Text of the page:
At a recent press conference held at INEC’s Headquarters in Owerri, the state Resident Electoral Commissioner (INEC), Prof. Francis Chukwuemeka Ezeonu expressed concern over the backlog.

He explained that INEC in the state did everything possible to ensure that every registered voter got his/her PVC and also participate in the voting exercise

Over 300, 000 Disenfranchised In Rivers
In Rivers State, a total of 382, 172 persons were unable to take part in the voting process yesterday having failed to collect their PVCs within stipulated time.

INEC record obtained by The Guardian indicated that out of 3, 215, 273 persons registered in the state, a total of 2, 833, 101 collected their PVCs and were qualified to participate in yesterday’s election and subsequent ones.

Efforts by thousands of residents of the state to pick up their PVCs could be better be described as frustrating, as chaotic scenes played out at PVC collection centres across the state.

While Godpower Ani gave up the chase for his PVC “after spending four to five hours on queues, on different days at INEC Office in Obio-Akpor Local Council,” Mrs. Evelyn Odinioha told The Guardian that she visited INEC’s office in Obio-Akpor repeatedly to collect her PVC, but without success.

“I repeatedly visited INEC’s office to obtain my PVC, but without success. That I was unable to vote in these crucial elections is painful. More so, when the fault was not mine, but as a result of institutional laxity. Banks these days issue ATM cards within minutes. Why can’t INEC issue voter cards the moment voters are registered? This shouldn’t be difficult thing to do,” she said.

On the contrary, the Rivers State Resident Electoral Commissioner (REC), Obo Effanga, told The Guardian that PVC collection in the state was quite impressive.

According to him, as at December 2018, there were more than 600, 000 uncollected cards, but by the expiration of last Monday’s deadline the number had reduced to 382,172.

“I think that many people made effort to collect their cards but just that a lot of them came quite late in the day. Many also did not register early enough during the registration. It was the last few days that a lot of people turned up. The recently called off ASUU strike also contributed to making the situation bad as many undergraduates registered in school, and when it was time to collect their PVCs, their schools were shut. However, I actually think that the collection figure for PVCs in the state is not that bad,” he said.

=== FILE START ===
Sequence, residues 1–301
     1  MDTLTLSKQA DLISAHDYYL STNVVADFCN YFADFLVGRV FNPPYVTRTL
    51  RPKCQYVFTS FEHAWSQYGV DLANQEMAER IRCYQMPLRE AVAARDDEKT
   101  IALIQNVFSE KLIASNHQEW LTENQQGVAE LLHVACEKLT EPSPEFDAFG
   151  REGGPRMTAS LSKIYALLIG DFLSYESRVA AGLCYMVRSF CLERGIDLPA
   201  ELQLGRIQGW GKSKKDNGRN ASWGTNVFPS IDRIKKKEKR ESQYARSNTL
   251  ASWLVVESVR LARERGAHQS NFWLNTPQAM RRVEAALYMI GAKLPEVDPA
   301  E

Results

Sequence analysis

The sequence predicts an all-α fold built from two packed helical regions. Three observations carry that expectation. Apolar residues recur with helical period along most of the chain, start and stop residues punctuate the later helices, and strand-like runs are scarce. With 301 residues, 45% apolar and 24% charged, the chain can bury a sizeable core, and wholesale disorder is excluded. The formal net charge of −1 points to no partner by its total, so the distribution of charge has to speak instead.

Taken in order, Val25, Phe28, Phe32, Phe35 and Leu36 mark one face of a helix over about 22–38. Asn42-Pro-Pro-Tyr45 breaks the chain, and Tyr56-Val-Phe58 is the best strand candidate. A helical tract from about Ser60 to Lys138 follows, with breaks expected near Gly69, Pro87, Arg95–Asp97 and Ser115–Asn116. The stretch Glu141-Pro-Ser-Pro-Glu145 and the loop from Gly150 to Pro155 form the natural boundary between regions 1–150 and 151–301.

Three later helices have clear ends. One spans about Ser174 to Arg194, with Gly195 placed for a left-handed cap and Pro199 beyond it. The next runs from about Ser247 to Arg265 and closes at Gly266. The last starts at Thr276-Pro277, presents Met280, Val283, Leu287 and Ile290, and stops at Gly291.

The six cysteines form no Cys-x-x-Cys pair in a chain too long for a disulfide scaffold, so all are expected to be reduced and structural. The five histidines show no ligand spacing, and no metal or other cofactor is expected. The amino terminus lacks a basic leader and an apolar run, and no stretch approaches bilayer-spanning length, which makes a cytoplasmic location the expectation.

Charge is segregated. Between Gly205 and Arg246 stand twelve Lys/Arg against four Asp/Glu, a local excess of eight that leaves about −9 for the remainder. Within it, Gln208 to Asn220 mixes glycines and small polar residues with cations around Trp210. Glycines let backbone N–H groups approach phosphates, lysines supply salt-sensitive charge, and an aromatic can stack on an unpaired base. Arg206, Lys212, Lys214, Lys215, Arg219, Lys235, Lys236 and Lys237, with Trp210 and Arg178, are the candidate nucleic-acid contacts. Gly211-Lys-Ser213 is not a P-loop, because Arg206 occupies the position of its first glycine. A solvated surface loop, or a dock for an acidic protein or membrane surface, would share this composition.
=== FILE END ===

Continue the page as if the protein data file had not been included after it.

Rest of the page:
Last Minute Rush, Not INEC Disenfranchised Cross Riverians
Some residents of Cross River State have frustration written on their faces because they could not take part in yesterday’s presidential and National Assembly elections. They also could not their PVCs before the closure of deadline.

Some of them who trooped to the INEC office last Tuesday, despite the deadline ending on Monday February 11, 2019 said they had no information about the deadline, hence they had to embark on the journey to the state capital, from different local councils.

One of them, who declined to divulge his identity questioned, “what is the reason for elections? And what do they expect us to do when we don’t have our PVCs? Why is it only in the South that getting PVCs is a big issue, while it is a non-issue in the North? In fact, I understand that they are even begging people to come and pick up their PVCs there. But I have been visiting this state office of INEC for over two weeks, and the crowd has consistently been large.”

Another aggrieved registered voter, who gave his name as Innocent Odima said INEC has performed woefully when it comes to distribution of voters’ cards in the state because there was very poor awareness and sensitisation on the issue. I had a role to play in yesterday’s election in my polling unit, yet I did not have my PVC to also cast my vote.

“My advice to Federal Government is to think of a better way to solve this problem of giving out PVCs,” Odima added.

While reacting to the issue, INEC’s Public Affairs Officer in the state, Mrs. Anne Etekpi questioned: “As a journalist and a stakeholder in the electoral process, do you think it is right to continue collecting PVCs few days to elections? The Electoral Act says we should stop issuing PVCs eight days to election. The distribution of PVCs that just ended started on April 11, 2018, but many people stayed back at home only to rush here in the last two weeks to collect their PVCs. It is even when they arrive this late that you find out that they may not have even been captured, and this is what they should have done some months ago so that we can look for alternatives. It is unfair for them to show up now and claim that INEC has disenfranchised them.